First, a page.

PCA 2014: Super High Rollers back on track after day two crawl and stall
Long days are an occupational hazard for anyone involved with poker. But there are long days and then there are long days--and then there are long days on which you write a 1,500 word post in which you confidently predict a short day and then have to sit in the middle of a row of PokerStars Blog reporters silently (and then not-so-silently) aiming daggers in your direction.
Those kinds of days are the longest.
So it was yesterday when the race to get down to a final table of the $100,000 Super High Roller event slowed from being a sprint to a saunter to a crawl to a stall. With some confidence, Mike Ward, the tournament director, had predicted the final eight would be reached in level 17. But with nine players still left, we moved into level 18. Then the same nine were there when we went to level 19 and, like the kind of amplifier Spinal Tap could only dream of, it nearly went all the way to 20.
Several hours earlier, Ward and I had chatted for a long time as he explained his formula for determining the length of days at poker tournaments. I was utterly persuaded. The problem was that when I wrote up the piece I did not mention a few of the digressions the conversation took, during which we discussed the exceptions to the rules.
The bubble, for instance, can often skew an otherwise precise calculation, as can the presence of a number of determined short stacks. Ward had said, in fact, that perhaps the single most disruptive factor in calculating the length of a poker tournament is a short-stack resurgence, particularly in a no limit game.
When you add to this a couple of big stacks willing and able to prolong the bubble period as long as they can, in order to punish a reluctance of the medium-size stacks to jeopardise their tournament, then things can really drag on. Inexperienced players, for whom a min-cash represents a triumph, can also slow things down.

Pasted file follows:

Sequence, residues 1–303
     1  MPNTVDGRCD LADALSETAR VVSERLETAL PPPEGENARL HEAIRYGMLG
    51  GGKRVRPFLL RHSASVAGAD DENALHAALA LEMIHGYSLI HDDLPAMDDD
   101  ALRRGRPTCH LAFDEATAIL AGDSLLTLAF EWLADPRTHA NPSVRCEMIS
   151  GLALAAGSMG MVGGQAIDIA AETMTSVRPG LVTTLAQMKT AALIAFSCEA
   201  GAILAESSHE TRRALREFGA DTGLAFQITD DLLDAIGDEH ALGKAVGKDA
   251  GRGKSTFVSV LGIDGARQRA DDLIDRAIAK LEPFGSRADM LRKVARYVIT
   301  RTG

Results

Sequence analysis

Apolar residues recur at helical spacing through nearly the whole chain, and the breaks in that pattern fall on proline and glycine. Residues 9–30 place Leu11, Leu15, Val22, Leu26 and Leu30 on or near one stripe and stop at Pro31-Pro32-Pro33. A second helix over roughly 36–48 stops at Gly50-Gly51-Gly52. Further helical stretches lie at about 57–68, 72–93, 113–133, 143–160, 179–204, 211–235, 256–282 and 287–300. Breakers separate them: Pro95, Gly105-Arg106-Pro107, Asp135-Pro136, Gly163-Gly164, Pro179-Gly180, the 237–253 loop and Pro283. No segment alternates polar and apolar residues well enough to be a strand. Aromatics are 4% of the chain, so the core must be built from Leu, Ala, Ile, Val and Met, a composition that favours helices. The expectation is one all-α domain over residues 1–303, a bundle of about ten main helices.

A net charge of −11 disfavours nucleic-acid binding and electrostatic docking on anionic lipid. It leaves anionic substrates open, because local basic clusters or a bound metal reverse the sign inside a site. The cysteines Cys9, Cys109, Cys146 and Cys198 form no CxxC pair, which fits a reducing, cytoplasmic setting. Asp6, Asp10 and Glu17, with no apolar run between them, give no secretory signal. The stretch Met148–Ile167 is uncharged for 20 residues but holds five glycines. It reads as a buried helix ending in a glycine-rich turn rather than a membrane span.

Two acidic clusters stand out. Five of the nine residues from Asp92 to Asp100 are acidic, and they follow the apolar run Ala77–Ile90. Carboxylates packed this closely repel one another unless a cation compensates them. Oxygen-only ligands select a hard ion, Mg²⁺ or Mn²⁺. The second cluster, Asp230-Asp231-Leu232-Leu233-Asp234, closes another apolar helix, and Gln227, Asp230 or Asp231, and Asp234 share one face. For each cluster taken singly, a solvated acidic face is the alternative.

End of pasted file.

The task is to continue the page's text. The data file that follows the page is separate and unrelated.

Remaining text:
During the late stages last night, we therefore witnessed something of the perfect storm. Only eight places paid in the tournament, but they were playing nine-handed for the only time in the event. Vanessa Selbst and Antonio Esfandiari had big stacks and were always willing to put the medium stacks to the test, as any chip-leaders should.
However the medium stacks, marshalled by the experienced likes of Fabian Quoss, Dan Shak, Matt Glantz and Mike McDonald, were going nowhere. Each player knew that to go broke with a speculative hand would have been ICM suicide, particularly when they looked at the desperate state of short stacks.
Tony Gregg and Ole Schemion, who were nursing only a few big blinds between them, had absolutely no inclination to get their money in, mainly because they had marginally more chips than the table's only truly recreational player, Paul Newey.
Newey's presence was the real wildcard. The financier from the United Kingdom is a regular in the biggest games, opting to invest vast chunks of his estimated £230m personal fortune at the poker felt as he learns the game from the best. In common with a few other fiercely successful and competitive businessmen (Guy Laliberte, Talal Shakerchi, etc.), Newey wants to play for stakes that mean something to him, and is willing to speculate to accumulate the knowledge.
As yet, Newey hasn't had his breakthrough at the poker tables despite playing Super High Roller tournaments across the globe. He has only one recorded tournament score, here at the PCA last year, when he came seventh in a $2,000 turbo bounty event.
Last night, he could surely scent some kind of vindication.
Having seen off all but eight of the best players in the world, Newey seemed set for the first meaningful cash of his career. He was content to fold pretty much every single hand and pray that someone else took the fall. Stasis ensued.
As you can see on the live reporting page (click on the drop-down that says "Latest updates" and select "All Day 2"), the tournament reached the absurd point last night where there were two players -- Newey and McDonald -- with less than one big blind each. Eventually they were forced all in and both were knocked out, losing to Quoss.
This not only ended the long slowdown but also proved one of Ward's other truisms, that the blinds will always catch up in the end. Ward had been adamant that every time a poker tournament either runs ahead or lags behind schedule, that a period of equalisation will swiftly follow.
If you revert back to today's live action coverage, you'll see how it took precisely two hands today to lose another two players. Gregg and Schemion went out to Quoss, taking his tally to four scalps in a total of three hands. It cannot have happened before.
With Matt Glantz and Antonio Esfandiari following shortly thereafter, the tournament went into level 21 three handed. And if we look at Ward's formula -- Total Chips In Play / (Big Blind * 35) -- we had totally caught up again.
Our coverage of the 2014 PCA is comprehensive on PokerStars Blog, and it is simple to follow. The PCA 2014 Main Event page has a box at the top in which you'll find hand-by-hand coverage and chip counts after the action commences at noon. Below that are feature pieces, interviews and analysis updated throughout the day.